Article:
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Chicken-skin moments few in ‘Goosebumps’ sequel

  • COURTESY COLUMBIA PICTURES

    Caleel Harris, Madison Iseman, Slappy and Jeremy Ray Taylor star in “Goosebumps 2: Haunted Halloween.”

In 2015, children’s horror author R.L. Stine’s most famous work made it to the big screen with “Goosebumps,” a spooky, kid-friendly romp based on his 1990s book series. It’s follow-up, “Goosebumps 2: Haunted Halloween,” though fun, comes off more like a direct-to-video adaptation of the original’s story than a stand-alone addition to the franchise.

Directed by Ari Sandel (“The Duff”), “Goosebumps 2” follows geeky best friends Sonny (“It“‘s Jeremy Ray Taylor) and Sam (“Castle Rock“‘s Caleel Harris) as they attempt to start a junk-removal business in Wardencylffe, N.Y. The pair finds a tattered, old book during a clean-out that, when opened, resurrects devilish ventriloquist dummy Slappy, the same baddie from the first film, as well as Stine’s book series. Lonely and in need of a family, Slappy uses his magical powers to create one by bringing to life all the town’s Halloween decorations to lightly terrorize the area without being too scary.

Perhaps not surprisingly, the monsters are the real stars of “Goosebumps 2.” From a headless horseman and giant spider made of balloons, to vicious, living gummy bears and jack-o’-lanterns that spit fire, the movie has just about all the Halloween kitsch your average small town can muster. Even the local pharmacy’s Halloween aisle comes to life, spewing out chattering, spider-legged skulls and rubber masks that sprout monstrous bodies. It may just be a record for most monsters on-screen in 90 minutes, but good luck keeping count.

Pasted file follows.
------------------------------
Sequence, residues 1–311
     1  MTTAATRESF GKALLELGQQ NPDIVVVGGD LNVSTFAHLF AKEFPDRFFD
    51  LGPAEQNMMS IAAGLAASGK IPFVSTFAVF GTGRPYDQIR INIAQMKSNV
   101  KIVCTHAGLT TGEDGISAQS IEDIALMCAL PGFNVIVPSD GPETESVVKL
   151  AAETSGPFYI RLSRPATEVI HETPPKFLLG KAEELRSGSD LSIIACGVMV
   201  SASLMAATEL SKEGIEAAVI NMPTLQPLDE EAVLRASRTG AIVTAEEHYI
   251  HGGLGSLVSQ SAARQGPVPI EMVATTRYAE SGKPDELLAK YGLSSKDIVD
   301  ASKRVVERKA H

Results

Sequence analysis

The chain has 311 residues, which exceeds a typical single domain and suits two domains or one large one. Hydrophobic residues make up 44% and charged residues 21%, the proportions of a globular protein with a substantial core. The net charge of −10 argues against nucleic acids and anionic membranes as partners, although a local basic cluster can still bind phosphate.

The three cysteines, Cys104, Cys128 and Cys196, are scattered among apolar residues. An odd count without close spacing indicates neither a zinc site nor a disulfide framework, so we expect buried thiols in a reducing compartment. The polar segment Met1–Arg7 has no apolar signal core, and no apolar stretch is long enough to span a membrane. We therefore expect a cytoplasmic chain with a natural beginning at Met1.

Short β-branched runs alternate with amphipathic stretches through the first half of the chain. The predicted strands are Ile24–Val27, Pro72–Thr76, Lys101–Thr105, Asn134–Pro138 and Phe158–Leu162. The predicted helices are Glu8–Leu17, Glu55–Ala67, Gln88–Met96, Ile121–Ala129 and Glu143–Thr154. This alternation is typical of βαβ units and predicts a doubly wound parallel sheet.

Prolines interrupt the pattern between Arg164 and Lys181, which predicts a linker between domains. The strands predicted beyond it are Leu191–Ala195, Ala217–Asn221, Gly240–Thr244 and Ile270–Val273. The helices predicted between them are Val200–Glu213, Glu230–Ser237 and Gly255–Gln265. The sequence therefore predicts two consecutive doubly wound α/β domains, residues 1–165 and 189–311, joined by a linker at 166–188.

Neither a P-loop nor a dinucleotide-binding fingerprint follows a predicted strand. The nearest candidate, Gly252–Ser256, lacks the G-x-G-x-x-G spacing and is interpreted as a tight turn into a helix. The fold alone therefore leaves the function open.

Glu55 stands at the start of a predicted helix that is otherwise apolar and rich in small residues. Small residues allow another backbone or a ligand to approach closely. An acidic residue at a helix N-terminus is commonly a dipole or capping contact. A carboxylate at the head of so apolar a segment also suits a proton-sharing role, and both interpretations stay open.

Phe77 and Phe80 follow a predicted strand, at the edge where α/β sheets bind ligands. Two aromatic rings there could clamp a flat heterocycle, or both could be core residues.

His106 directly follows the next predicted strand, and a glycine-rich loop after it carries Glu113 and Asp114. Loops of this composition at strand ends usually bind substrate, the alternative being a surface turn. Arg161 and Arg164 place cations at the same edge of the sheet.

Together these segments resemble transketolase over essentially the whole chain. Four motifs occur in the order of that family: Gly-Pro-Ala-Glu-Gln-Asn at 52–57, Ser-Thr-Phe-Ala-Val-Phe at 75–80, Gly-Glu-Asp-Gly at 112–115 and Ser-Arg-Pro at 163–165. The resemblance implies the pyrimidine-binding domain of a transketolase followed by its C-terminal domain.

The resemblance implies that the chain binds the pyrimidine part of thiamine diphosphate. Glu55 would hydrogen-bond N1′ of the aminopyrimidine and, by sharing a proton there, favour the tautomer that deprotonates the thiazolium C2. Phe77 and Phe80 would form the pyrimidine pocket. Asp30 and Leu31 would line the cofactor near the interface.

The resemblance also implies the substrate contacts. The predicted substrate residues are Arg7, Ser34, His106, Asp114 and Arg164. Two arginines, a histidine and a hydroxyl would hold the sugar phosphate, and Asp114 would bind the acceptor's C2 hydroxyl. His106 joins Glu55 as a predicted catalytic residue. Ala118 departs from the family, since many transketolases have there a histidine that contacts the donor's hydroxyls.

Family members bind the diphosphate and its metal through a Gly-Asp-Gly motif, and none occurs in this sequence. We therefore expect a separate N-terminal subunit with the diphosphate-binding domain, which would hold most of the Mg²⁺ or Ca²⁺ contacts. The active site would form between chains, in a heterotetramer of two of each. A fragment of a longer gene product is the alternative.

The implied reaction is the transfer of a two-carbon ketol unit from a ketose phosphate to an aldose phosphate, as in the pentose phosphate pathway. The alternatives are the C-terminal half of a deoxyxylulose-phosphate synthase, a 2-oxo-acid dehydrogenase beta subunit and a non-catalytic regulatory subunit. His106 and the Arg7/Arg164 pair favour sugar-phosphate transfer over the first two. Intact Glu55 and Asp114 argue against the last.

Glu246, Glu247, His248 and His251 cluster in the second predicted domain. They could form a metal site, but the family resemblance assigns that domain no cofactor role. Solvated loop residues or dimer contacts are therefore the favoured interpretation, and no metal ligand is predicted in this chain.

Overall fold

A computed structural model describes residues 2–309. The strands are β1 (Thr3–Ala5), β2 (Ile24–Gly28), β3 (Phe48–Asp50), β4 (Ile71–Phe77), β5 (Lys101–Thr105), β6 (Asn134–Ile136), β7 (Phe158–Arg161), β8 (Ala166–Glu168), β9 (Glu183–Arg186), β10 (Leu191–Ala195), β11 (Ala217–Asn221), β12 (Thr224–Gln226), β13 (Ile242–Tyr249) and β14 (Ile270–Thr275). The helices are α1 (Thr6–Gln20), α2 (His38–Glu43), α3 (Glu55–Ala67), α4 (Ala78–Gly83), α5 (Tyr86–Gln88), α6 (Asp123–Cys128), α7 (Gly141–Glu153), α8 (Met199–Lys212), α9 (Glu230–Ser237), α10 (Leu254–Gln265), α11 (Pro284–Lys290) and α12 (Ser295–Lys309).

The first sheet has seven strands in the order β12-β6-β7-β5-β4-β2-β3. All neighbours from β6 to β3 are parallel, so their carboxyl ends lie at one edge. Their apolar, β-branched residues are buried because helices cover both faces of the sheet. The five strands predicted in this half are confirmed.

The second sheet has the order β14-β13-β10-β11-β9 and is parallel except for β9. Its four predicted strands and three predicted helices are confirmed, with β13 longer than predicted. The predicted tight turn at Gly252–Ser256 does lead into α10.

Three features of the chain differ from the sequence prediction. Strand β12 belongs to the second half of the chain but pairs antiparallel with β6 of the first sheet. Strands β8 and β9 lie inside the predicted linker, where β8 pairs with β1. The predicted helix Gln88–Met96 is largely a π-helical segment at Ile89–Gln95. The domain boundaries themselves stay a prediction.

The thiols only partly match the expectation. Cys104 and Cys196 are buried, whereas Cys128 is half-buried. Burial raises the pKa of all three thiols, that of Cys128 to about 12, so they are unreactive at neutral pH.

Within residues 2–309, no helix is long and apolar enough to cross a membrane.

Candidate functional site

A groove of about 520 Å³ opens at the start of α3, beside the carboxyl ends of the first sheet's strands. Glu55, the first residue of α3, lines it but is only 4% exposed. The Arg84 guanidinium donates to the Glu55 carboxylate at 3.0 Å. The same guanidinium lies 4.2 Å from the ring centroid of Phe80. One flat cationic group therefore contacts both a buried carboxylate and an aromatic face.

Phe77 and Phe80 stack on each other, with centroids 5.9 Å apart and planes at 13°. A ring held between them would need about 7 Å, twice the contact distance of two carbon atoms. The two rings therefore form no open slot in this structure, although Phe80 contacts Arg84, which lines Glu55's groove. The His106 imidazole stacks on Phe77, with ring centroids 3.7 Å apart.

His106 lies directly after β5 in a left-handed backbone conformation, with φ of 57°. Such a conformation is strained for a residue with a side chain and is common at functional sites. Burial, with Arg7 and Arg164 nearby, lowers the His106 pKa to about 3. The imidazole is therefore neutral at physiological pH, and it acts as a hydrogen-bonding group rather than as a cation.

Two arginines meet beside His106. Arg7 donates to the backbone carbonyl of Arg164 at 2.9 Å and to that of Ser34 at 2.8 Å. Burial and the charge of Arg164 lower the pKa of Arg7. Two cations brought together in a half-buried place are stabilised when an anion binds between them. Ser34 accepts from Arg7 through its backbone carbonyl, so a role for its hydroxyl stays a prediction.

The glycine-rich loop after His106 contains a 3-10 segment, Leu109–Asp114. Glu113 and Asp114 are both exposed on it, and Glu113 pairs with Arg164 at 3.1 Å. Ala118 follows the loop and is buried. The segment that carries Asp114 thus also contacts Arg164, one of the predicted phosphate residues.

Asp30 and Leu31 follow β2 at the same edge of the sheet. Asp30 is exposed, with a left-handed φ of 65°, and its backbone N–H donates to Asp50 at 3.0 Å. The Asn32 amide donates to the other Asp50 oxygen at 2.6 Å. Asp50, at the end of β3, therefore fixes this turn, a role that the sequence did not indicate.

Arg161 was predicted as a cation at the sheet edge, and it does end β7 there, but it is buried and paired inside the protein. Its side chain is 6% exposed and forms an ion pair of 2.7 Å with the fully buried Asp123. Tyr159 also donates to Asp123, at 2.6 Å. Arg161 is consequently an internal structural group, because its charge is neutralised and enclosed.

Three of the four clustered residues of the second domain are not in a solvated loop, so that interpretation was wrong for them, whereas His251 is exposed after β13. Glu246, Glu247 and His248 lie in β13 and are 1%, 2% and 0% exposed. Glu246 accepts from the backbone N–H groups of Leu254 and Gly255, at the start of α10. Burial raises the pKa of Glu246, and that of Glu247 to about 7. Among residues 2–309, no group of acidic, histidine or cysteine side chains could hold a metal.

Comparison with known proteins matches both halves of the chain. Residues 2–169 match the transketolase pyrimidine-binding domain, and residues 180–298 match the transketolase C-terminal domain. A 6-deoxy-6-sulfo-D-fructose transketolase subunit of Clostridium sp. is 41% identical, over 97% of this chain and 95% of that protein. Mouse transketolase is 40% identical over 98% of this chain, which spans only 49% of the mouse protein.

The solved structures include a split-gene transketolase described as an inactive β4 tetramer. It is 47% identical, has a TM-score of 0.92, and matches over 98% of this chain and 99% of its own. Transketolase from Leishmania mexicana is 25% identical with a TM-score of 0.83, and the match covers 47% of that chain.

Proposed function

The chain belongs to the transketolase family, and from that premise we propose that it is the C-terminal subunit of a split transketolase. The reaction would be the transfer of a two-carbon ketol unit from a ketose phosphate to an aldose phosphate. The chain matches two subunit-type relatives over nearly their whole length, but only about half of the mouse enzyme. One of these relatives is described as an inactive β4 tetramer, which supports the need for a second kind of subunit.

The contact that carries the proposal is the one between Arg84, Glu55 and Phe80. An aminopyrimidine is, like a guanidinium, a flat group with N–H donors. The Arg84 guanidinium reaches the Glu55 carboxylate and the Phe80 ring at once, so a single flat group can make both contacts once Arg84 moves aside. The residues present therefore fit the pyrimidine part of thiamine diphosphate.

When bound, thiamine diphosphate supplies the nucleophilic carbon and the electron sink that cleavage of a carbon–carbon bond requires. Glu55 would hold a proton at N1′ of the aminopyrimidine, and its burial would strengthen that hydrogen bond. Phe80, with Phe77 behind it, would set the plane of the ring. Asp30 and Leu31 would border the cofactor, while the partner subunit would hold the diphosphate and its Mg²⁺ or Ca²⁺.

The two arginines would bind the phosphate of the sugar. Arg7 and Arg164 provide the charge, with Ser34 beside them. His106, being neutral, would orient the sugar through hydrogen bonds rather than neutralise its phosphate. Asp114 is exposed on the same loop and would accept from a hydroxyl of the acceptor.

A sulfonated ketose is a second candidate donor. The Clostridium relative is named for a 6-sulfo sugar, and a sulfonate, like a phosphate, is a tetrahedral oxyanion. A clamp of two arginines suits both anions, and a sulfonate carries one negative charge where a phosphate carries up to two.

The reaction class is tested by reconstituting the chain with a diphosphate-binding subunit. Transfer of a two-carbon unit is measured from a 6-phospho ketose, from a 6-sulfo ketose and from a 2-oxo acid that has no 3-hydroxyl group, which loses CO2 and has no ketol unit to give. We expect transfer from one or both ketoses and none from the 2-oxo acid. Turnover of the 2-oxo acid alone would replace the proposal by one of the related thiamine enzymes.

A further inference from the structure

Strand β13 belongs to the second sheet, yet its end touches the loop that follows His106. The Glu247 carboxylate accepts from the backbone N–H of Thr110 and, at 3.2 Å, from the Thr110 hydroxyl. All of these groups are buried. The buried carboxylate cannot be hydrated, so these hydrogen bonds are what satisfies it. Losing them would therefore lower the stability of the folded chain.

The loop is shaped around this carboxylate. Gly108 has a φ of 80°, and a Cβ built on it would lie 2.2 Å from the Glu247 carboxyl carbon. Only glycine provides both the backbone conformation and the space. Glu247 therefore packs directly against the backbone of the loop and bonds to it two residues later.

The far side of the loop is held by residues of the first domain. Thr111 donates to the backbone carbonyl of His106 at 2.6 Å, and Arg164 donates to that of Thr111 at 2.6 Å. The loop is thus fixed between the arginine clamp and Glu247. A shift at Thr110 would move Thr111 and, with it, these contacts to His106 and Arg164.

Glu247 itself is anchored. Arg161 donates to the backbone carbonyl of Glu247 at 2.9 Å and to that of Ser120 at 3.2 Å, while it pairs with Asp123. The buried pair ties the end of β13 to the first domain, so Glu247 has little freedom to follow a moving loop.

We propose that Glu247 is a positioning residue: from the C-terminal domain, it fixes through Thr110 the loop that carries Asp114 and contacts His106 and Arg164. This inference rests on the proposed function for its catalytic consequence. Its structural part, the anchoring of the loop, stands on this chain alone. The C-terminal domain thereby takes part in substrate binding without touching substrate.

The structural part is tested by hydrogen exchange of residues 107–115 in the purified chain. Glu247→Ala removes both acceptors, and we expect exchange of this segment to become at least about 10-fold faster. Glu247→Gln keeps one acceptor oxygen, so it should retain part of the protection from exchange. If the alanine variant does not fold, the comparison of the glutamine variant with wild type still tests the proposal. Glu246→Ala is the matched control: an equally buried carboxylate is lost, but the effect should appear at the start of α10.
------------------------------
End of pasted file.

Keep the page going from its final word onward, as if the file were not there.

The sheer number of monsters in the movie serves as a stand-in for its weak plot — a retread of the first film, in which Stine’s monsters attack a small town in Delaware. The stakes feel lower because we’ve seen them before, and with Slappy and his crew providing little threat outside mild jump scares, any sense of urgency is lost. After all, what’s the giant balloon spider going to do if it does get you? Do they even need to eat, or do they run on helium? The world may never know.

The film’s human characters also suffer as a result of the recycled plot, with Sandel diving headlong into the film’s monster-filled payoff in the third act. Skipping that character development makes it tough to care about any of them, but Harris and Taylor do a serviceable job with the parts they were given. “The Goldbergs”’ Wendi McLendon-Covey, “The Hangover” star Ken Jeong and “Saturday Night Live“‘s Chris Parnell, meanwhile, are pitch perfect as the film’s grown-ups. “Jumanji: Welcome to the Jungle” star Madison Iseman’s Sarah, sister to Taylor’s Sonny, however, ends up being a bore, and finds more drama in writing a college essay than fighting supernatural beasts.

Sadly, “Goosebumps 2” suffers mostly from too little Jack Black, who portrayed Stine in the 2015 original. He does reprise his role here, and voices Slappy, appearing only toward the end of the film in a role that might as well have not even been included. Surprising, considering that Black carried the first film. Fans may want to stick to “The House with a Clock in its Walls,” another new kids’ horror movie that features Black in the main role.

“GOOSEBUMPS 2: HAUNTED HALLOWEEN”

No stars

(PG, 1:30)

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